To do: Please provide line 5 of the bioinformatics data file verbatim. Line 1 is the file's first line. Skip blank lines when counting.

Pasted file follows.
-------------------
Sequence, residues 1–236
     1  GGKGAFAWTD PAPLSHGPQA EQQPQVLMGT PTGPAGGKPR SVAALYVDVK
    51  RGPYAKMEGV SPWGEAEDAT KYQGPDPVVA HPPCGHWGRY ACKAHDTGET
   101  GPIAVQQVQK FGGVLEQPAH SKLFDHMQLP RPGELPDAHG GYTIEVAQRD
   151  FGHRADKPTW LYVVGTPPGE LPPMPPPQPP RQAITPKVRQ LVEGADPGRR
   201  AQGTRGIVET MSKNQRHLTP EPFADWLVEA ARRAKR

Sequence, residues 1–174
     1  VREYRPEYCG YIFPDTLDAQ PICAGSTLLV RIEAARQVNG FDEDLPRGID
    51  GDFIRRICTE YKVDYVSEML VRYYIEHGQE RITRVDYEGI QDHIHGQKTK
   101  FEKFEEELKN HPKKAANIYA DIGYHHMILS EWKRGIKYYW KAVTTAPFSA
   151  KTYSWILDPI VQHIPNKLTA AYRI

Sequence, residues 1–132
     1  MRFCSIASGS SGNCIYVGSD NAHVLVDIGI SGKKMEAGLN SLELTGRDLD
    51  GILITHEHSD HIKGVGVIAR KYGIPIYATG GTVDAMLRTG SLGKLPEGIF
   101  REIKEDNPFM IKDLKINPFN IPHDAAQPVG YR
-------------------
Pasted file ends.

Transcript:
   151  FGHRADKPTW LYVVGTPPGE LPPMPPPQPP RQAITPKVRQ LVEGADPGRR